Waconia’s Heart & Home Boutique

Waconia boutique offers local artisan treasures.
June Rosckes, owner of Waconia’s Heart & Home Boutique.

June Rosckes saw herself as a boutique owner well before she became one. It came to her in a vision over two decades ago. Since 1994, Rosckes has been the proud owner and organizer behind Heart & Home Boutique, an eclectic seasonal shop filled with handmade goods crafted by a multitude of artists. For six weekends in October and November, Rosckes opens up her Waconia barn doors and welcomes guests to visit her unconventional shop.

Heart & Home Boutique was not always located inside a barn. Rosckes got her start by renting space at the American Legion auditorium for five years. After that space was no longer available, Rosckes was forced to get creative. One day after driving around Waconia in search of a new storefront, she returned back to her driveway without any luck. Suddenly, she saw her barn—which was filled with tractors, bales of hay, mice, birds and other critters—in a new light. She heard God tell her that the barn was where her boutique should be.

Transitioning a 1930s era storage barn into a boutique was not an easy task. But with the help of family and friends, Rosckes transformed the space in approximately seven or eight weeks into what it is today: a creative sanctuary for artists and shoppers alike. Shoppers tell Rosckes that time slows down for them when they pass under the barn’s 25 foot ceiling. There’s always coffee and tea on hand.

“I display my things around antiques and old furniture,” Rosckes says. “It goes with the flavor of the barn.” You might see goods displayed on a fence taken from the pasture. Or your eyes might wander up the rungs of an old ladder, holding bird cages and bags. You’ll see everything from one-of-a-kind jewelry to hand-painted calligraphy to hats, mittens and scarves to other home decor. There are practical goods like fishing lures or natural soaps. There are also several food items, such as soup, bread mixes, fudge and caramels and old fashioned canned goods such as pickled brussel sprouts, beets, beans and pickles.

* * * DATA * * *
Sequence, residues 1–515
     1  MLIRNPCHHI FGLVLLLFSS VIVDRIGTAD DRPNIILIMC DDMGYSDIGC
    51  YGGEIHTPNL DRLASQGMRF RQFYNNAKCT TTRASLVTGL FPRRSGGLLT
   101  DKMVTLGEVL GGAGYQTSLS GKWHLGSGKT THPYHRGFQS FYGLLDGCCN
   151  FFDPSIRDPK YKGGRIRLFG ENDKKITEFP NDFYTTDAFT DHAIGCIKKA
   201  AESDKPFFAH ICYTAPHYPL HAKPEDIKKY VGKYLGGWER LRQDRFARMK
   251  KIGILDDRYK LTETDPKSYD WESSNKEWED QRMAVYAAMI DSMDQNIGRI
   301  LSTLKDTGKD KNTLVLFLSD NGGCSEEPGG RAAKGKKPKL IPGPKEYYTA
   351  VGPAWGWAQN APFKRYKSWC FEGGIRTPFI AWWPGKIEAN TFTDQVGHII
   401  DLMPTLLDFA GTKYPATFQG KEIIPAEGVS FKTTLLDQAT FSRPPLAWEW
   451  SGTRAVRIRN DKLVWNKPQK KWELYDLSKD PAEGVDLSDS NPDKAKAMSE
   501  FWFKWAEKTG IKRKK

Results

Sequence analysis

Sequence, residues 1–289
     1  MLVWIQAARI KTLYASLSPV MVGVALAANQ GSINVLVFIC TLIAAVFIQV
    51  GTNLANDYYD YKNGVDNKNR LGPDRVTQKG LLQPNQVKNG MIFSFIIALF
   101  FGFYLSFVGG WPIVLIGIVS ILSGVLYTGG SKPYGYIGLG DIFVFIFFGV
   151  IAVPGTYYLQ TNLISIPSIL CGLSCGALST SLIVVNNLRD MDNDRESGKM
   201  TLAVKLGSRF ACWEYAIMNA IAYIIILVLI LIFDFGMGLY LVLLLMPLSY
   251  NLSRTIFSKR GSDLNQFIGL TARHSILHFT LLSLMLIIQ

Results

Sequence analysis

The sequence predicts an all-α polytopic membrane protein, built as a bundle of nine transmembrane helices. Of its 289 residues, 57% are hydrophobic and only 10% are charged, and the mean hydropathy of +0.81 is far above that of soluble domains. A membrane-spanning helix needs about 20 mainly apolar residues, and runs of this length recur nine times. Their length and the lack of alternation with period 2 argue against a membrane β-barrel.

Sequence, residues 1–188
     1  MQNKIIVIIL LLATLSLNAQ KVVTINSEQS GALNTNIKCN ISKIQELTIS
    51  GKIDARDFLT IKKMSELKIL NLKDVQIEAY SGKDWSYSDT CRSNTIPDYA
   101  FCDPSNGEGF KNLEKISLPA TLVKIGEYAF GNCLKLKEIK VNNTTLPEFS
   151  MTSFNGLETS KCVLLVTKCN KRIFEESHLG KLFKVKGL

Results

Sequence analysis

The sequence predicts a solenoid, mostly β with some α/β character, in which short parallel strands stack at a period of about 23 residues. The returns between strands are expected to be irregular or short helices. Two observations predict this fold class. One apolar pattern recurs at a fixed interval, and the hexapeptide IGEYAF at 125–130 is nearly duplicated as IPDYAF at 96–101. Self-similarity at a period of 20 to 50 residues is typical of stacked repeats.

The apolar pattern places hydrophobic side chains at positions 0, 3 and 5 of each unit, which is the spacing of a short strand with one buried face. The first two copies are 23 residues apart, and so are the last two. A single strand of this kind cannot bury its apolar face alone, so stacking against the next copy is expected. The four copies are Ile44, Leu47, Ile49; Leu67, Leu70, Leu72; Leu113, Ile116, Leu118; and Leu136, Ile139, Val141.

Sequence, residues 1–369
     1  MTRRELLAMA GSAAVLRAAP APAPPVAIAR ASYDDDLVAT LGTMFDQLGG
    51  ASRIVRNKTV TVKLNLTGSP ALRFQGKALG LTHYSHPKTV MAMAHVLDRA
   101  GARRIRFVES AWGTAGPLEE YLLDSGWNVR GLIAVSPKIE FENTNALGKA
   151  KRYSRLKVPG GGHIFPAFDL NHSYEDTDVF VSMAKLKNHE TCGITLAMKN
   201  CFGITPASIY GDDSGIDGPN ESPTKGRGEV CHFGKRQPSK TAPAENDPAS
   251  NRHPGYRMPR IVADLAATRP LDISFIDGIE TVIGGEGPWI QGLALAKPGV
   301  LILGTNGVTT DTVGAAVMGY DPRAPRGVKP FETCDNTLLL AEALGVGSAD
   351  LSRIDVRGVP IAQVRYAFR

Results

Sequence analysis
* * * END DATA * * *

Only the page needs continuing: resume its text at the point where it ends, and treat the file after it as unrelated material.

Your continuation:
As new artists emerge and old ones evolve their work, the boutique’s products change with every season. Rosckes is always looking to fill her shop with things that are unusual. She sells crafts from approximately 60 artists, many of whom are local, and most of whom live within 150 miles of Waconia.

“I like the reason why she does it,” Judy Pike says of Rosckes. Pike is a loyal customer of 10 years. Over the years, Pike has purchased jewelry, herb dips, Christmas ornaments, jams, jellies, soaps and more. She returns each season for the wide variety of items and the artists who make them. “I like to support people who are trying to make an extra buck here and there. I think a lot of people do it because they love what they are making.”

“I always tell my friends, don’t just walk through once,” Ann Aas says of the boutique. “Really look, because there’s a lot of stuff in there.” Aas is an enamel jewelry artist and Chanhassen resident who has sold her glass and metal jewelry at Rosckes’s boutique for five seasons. She enjoys working at the boutique, meeting other artists and learning about their creative processes.

“I like the atmosphere,” glass artist and Waconia resident Jane Hunsciger says. Hunsciger, another featured artist at Rosckes’s boutique, hand-paints whimsical personalized designs onto glassware. Even though she is selling her items, Hunsciger always finds time to shop and appreciate other sellers’ work: “I’ve got my favorites there. I spend about as much as I make.”

In the sea of assorted gifts and goods, there’s one commonality that strings Heart & Home Boutique’s items together: all items are handcrafted. This is non-negotiable and a point of pride for Rosckes, who has built her business’s reputation around it. “My customers walk in the door and thank me for being open every year,” Rosckes says. “I feel good that I’m offering them something unique.”

Open October 13-November 20: 9 a.m.-6 p.m. Thursdays and Fridays, 9 a.m.– 5 p.m. Saturdays and Sundays, noon-5 p.m.